The BMW i3 has gotten considerable attention for its electric powertrain and carbon fiber body structure, and rightly so.
But more groundbreaking innovations -- BMW's vision of eco-friendly urban transportation -- can be found in the cockpit.
Check out those thin-profile front seats, which weigh only half as much as those of a 1-series sedan. Next, check out the i3's door panels, which are made of kenaf, a hemp-like natural fiber.
BMW didn't use vinyl, leather or anything else to cover up those panels, and it didn't conceal the car's carbon-fiber doorsills.
"We didn't want to hide it," said Jose Guerrero, the BMW i product manager for the United States. "We wanted the i3 to have the look of a New York City loft, which uses exposed brick."
The i3 went on sale in Europe in November. It is expected in U.S. showrooms about April. CEO Norbert Reithofer said during the i3's unveiling in July that BMW expected about 10,000 global sales of the car in 2014.
The most significant interior feature could turn out to be those ultrathin seats, which create significantly more leg space for rear passengers.
Guerrero said BMW wanted to make sure that rear-seat passengers could easily enter and exit the i3 from the right-hand side, to avoid stepping into traffic.
To do so, the rear compartment has to be spacious enough to allow passengers to slide easily across the rear bench. "This car was built for an urban environment," Guerrero said.
Until now, automakers have not adopted thin-profile seats because potential car buyers might think they are flimsy or uncomfortable.
In truth, the seats did require some fresh thinking on BMW's part. To save weight, BMW eliminated motorized seat controls, and it also had to redesign its side airbags, which did not easily fit in the smaller package.
Since seats are safety-related components -- capable of cradling the passenger in a crash -- automakers are reluctant to tinker with their design.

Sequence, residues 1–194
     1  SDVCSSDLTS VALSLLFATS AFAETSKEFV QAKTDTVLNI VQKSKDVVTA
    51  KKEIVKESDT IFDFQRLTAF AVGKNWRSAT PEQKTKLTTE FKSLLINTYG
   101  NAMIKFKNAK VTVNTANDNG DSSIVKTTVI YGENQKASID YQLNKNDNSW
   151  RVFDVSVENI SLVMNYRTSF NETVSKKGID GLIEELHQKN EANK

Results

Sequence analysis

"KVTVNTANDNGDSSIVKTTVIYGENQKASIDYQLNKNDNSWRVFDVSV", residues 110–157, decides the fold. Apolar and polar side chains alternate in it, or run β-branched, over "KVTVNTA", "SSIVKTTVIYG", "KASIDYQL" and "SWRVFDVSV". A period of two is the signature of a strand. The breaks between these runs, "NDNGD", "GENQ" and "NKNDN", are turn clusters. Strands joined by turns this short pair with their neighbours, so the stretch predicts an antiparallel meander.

BMW has not disclosed which suppliers produce the i3's seats and door panels. But virtually every major seat maker -- Johnson Controls, Faurecia and Magna, for example -- have designed thin-profile prototypes for their customers.
"Slim seats have been a topic for many years," said Tom Gould, Johnson Controls' North American director of industrial design. "We certainly do think that a very thin, elegant seat can make a design statement."
If the i3 catches on in the marketplace, it could also encourage public acceptance of natural materials such as the kenaf door panels.
Interior suppliers have tinkered with kenaf and other natural materials for years. Those materials often are used in door panels as filler, with a vinyl or leather skin.
But automakers have been reluctant to use kenaf as a surface material because to some people it might look cheap and unfinished. Will kenaf become a design statement like the brickwork of a New York loft? Time will tell.
Yet another trendsetter may be the instrument panel's wood inserts, which are made of eucalyptus. The inserts are considered environmentally sound because eucalyptus trees grow rapidly and because the inserts are minimally treated with chemicals.
The wood will change color over time, taking on a honey-colored patina.
The result of all those innovations is a vehicle that is 95 percent recyclable, according to Guerrero. Most vehicles are 80 to 90 percent recyclable.
If U.S. regulators emulate their European peers, automakers may find themselves emulating the i3 and its "exposed brick" aesthetic.